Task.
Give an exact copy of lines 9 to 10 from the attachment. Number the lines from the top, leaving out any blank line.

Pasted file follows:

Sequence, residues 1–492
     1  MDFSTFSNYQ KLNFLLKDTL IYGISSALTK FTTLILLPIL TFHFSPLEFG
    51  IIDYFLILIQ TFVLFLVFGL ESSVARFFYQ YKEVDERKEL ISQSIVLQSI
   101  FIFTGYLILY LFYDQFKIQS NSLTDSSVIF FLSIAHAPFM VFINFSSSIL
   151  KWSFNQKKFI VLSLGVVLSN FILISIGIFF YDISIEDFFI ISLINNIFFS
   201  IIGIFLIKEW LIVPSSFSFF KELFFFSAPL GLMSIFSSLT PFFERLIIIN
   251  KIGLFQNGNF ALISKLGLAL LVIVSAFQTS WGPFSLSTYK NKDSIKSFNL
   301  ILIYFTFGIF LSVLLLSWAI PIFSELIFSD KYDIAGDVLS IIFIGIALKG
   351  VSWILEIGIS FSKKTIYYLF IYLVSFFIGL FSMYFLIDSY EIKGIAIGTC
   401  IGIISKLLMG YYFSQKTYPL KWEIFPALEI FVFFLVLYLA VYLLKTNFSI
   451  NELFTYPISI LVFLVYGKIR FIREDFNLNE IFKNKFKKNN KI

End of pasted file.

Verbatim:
   351  VSWILEIGIS FSKKTIYYLF IYLVSFFIGL FSMYFLIDSY EIKGIAIGTC
   401  IGIISKLLMG YYFSQKTYPL KWEIFPALEI FVFFLVLYLA VYLLKTNFSI